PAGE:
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Infamous Anne Bonny, the legendary female pirate, bursts onto stage in a celebration of adventure, sexuality and freedom. Care Not, Fear Naught tells the life story of this Irish woman who has gone down in history, re-enacting her time aboard a Caribbean pirate ship. Whether you are familiar with Anne Bonny's story or not, this production is a fast-paced and insightful display of a woman’s fight for a voice in a sea of male expectations.

Temporarily Misplaced Productions puts on a performance sharing Anne's rise, and eventual demise. Through careful research, Care Not, Fear Naught bases itself on a real historical figure. Anne is one of the most famous pirates of her time – alongside Mary Read – partly due to her influence as a female figure. And so we follow her story, and how she meets the likes of ‘Calico’ Jack Rackham, who is also famed – not least for being the one to house both Anna and Mary aboard his ship.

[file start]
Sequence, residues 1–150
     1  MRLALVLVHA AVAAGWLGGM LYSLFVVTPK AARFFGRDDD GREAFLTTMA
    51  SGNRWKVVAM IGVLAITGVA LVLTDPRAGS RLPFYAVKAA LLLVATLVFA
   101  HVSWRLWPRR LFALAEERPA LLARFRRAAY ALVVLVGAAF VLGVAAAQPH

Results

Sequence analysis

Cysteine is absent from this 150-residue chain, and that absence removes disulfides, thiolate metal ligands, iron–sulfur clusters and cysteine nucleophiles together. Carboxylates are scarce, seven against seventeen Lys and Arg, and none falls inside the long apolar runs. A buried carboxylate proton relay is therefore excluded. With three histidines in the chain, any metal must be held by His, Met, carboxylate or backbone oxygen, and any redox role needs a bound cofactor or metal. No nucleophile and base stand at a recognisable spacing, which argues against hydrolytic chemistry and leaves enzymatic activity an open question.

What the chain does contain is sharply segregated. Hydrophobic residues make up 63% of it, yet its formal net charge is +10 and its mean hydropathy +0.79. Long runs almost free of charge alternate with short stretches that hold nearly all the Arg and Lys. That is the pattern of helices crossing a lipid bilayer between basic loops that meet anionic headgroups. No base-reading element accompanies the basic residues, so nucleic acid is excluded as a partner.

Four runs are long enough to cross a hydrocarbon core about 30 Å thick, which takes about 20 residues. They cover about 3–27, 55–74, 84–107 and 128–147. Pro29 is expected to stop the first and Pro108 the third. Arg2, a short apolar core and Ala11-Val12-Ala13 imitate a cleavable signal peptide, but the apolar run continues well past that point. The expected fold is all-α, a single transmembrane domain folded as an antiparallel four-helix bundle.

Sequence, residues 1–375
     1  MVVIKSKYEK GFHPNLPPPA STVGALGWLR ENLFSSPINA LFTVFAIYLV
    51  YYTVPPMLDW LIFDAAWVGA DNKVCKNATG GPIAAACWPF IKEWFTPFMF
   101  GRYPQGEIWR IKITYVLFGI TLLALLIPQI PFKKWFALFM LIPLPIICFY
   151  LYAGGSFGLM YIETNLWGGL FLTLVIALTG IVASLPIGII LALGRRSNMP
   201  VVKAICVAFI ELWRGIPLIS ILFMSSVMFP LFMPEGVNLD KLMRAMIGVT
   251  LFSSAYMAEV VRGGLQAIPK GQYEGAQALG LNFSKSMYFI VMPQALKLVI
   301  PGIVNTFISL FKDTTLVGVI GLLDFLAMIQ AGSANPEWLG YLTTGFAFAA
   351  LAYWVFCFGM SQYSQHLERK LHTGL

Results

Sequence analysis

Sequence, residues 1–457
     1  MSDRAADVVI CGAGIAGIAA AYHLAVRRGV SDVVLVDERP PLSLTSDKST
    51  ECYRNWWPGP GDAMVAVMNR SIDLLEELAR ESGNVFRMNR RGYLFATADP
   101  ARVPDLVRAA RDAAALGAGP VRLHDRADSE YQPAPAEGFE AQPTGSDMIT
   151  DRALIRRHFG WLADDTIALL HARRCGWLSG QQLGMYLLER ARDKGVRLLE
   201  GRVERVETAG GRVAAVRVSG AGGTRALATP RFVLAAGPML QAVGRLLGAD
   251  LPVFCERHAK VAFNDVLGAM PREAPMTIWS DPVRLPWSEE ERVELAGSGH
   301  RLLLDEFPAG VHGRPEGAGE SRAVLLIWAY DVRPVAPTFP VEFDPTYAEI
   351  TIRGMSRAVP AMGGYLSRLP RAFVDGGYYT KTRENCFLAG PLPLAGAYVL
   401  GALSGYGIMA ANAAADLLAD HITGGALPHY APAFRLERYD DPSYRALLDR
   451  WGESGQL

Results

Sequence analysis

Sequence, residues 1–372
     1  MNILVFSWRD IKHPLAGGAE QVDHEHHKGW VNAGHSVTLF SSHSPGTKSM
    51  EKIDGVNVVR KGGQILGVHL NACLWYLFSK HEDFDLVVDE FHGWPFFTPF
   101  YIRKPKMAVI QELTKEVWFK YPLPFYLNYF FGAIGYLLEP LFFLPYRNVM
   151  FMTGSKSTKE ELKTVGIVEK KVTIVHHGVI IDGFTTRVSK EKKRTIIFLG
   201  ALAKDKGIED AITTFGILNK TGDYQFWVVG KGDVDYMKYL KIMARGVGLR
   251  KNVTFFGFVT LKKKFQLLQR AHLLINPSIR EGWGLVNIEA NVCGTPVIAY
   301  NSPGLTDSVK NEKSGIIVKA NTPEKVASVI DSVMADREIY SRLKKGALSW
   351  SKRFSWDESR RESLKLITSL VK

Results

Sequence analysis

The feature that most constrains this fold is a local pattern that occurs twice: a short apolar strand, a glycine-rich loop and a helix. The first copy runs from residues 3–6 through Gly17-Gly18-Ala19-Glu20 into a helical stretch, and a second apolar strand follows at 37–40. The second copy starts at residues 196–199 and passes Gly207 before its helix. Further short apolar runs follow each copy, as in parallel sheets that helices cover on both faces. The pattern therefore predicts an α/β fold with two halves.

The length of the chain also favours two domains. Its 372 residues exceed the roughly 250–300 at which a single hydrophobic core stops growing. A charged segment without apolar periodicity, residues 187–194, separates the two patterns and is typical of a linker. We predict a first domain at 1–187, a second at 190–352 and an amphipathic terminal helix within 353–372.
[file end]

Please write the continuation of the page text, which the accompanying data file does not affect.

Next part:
This performance has everything you would expect from a well-written drama. Anne continuously faces her own demons and navigates her romantic interests, though these are far from the focus of the story. Above all there is the sense of freedom that Anne longs for: she is determined that she will not be owned by anyone, and refuses to let any man have a say over her body. She is certainly an influential character and Anna Herzog’s performance illustrates the raw and powerful impact that Anne Bonny embodies.

The cast is large for the space they were in, but I was very impressed by the way they included 11 actors without making it cluttered. It’s a well-choreographed piece, and the ensemble successfully create a bustling crew dynamic – despite the fact there are really only three characters driving the story. It is a thrilling adventure, and the cast elicited a range of emotions from their audience as we followed Anne through her journey.

The show has certainly piqued my interest in early female influences; in this sense too, the production is highly successful. It serves as a reminder of what women are capable of – even with the patriarchal restrictions of the eighteenth century. Following Anne Bonny through her adventures becomes a way to empower individuals to fight for what they believe in, which anyone who has been told “it’s not possible” will relate to. Care Not, Fear Naught is a story that proves you should never back down… an ideology that Anne practiced until her final battle.